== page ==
The final score of Arkansas’ game against Texas A&M was about what I expected it to be, but how they got there didn’t happen the way I thought it would.
I expected the Razorbacks to have some success moving the ball and scoring some points against the Aggies’ suspect defense. I didn’t expect Arkansas to be able to essentially keep up with A&M throughout the game until late in the fourth quarter. I didn’t think, even with Brandon Allen at quarterback, Arkansas had the offensive firepower to keep up with Johnny Manziel and the Aggies’ explosive offense.
I would have thought that if Arkansas attempted more passing plays (they tried 36) than rushing plays (30), it would be a sign Arkansas wasn’t going to be competitive. And I certainly never expected Allen to throw for more yards than Manziel (even though he completed fewer passes), more touchdowns, and complete the longest pass of the day. I’d have thought if Arkansas was in a situation where they felt the need to throw that many passes, it would be because they found themselves in a big hole they were desperately trying to get out of.
Yet, even though the Razorbacks were behind the entire game, they were never out of it. Arkansas was only down by a full two touchdowns for a span of 5:12 in the second quarter. They were within two scores the entire game, and three times in the second half had possession with the chance to take the lead. It was, without a doubt, the team’s best performance since the opener against Louisiana-Lafayette.
As we all know, the Razorbacks failed to convert those go-ahead opportunities and eventually lost the game. And no one’s trying to gloss the loss. The Hogs made frustrating mistakes. The pick-six just after halftime was brutal. The ill-fated two-point-conversion attempt was questionable at best, and that failure forced Arkansas to go for it on 4th-and-10 from the A&M 16 instead of kicking a field goal to cut the Aggies’ lead to within a single possession. A&M scored 45 points without needing very much magic from Manziel. Eleven of Allen’s 16 completions went to players who don’t play receiver. This isn’t a perfect team by any stretch. There are definitely things the team needs to improve upon.
But understand, optimism after seeing the team making strides in a positive directions is not the same thing as “accepting” or “being happy with” a loss.
Arkansas hasn’t been this competitive against a top 10 team in a loss since 2010 (unless you count the 2012 LSU game, which I don’t because that was a putrid, sloppy, frigid game in which neither team played well and Arkansas only scored 13 points). Facing one of the best offenses in the country with an offense that’s not proven terribly effective even before Brandon Allen was injured, it made sense that this game could have been another in a long series of blowouts against great teams.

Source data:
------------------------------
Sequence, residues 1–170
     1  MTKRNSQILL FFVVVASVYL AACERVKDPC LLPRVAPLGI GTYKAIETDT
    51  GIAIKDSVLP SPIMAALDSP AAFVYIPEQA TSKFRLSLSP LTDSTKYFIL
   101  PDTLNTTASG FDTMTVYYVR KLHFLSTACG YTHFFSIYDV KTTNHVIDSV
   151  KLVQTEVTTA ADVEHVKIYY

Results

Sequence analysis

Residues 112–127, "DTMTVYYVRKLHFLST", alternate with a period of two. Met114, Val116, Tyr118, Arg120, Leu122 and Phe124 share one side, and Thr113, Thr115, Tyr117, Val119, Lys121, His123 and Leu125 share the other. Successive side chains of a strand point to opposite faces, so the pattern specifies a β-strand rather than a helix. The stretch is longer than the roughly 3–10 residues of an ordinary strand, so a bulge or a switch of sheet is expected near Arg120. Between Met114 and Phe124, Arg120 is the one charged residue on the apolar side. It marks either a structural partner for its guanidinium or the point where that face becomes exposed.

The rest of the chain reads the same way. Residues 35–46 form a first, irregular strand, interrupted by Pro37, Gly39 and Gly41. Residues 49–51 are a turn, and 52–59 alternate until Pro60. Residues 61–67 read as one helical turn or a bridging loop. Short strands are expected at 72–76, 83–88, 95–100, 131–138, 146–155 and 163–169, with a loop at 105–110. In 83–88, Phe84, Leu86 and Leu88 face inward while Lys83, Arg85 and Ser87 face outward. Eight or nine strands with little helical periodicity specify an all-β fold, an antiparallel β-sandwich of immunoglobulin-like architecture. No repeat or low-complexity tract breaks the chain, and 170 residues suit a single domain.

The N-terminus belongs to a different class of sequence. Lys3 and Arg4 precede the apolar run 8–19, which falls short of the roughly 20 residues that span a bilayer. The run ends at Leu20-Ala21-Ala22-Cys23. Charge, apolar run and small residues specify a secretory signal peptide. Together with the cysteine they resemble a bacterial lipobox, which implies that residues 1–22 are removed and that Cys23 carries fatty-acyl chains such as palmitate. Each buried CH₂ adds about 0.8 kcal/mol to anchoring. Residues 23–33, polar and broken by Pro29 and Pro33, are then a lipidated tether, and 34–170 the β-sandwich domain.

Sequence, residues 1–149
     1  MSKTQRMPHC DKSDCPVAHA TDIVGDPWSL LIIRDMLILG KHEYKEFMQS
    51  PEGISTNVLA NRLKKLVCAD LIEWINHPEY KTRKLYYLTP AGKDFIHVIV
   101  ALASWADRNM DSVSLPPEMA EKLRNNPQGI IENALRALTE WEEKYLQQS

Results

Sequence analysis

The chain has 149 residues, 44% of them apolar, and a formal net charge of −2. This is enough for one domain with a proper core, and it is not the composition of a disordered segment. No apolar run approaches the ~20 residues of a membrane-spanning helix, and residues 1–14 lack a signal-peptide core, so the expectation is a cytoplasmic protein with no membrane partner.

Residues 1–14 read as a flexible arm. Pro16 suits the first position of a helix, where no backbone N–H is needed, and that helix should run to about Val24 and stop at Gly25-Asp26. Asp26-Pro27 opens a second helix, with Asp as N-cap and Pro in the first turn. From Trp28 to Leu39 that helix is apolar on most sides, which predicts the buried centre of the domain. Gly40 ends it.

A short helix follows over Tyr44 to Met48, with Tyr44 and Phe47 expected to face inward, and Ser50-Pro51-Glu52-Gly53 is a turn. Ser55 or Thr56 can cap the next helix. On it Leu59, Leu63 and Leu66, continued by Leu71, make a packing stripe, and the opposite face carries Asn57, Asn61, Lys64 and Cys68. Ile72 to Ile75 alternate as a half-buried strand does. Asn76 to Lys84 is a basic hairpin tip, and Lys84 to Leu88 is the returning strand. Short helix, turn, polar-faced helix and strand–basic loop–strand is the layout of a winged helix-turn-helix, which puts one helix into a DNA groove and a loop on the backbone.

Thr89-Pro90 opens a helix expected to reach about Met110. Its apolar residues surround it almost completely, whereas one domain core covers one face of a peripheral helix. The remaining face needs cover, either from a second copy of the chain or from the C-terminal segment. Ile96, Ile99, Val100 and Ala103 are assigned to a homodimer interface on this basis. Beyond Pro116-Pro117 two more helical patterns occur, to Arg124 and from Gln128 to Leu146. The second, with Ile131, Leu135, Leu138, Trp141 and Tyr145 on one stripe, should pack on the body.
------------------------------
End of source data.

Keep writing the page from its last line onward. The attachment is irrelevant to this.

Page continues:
But that didn’t happen.
What we saw is a team that faced, head-on, one of the tougher tests in what’s been described for the better part of a year as one of the most difficult stretches of a schedule in all of college football, and gave themselves a chance to win.
Saturday’s performance should give both fans and the team confidence that they have a shot to win the next couple of games against Florida and South Carolina, both of which have fallen out of the top 10. They will be challenges, but it’s not unreasonable to think Arkansas can compete with them. It’s worth noting that Florida is the only SEC team Arkansas has never beaten since joining the conference, but if Bret Bielema is serious in his comments about giving Razorback fans something they haven’t had, a win over Florida would be a great place to start.
It’s not a guarantee that they’ll keep playing this well. There was much similar talk of a breakthrough after nearly knocking off #1 Florida in Gainesville in 2009, but the Hogs laid a giant egg the next week against Ole Miss in Oxford. It’s imperative for the coaches to keep the players hungry and fighting, while working against frustration and complacency.
Yes, games are played to be won. And each time out, either you win or you lose. And what happened against the Aggies stings on that level because there were opportunities to win that just didn’t work out.
But on a deeper, broader level, the goal in college sports (and life, really) is to build and improve the program. That’s why recruiting has blossomed into as big an industry as the games themselves, why good facilities are replaced with better ones, why good coaches are often let go in hope that your school hires the coach who becomes the greatest coach in college football history. The constant, impossible quest for perfection is what everyone strives for.
And when teams take steps in that directions, whether baby steps or giant leaps, it’s okay to feel good about it. Eventually, you do have to win those games to keep climbing the ladder, but for where this Arkansas football program has been, the Texas A&M game was reason for optimism, but as always, there is still more work left to do.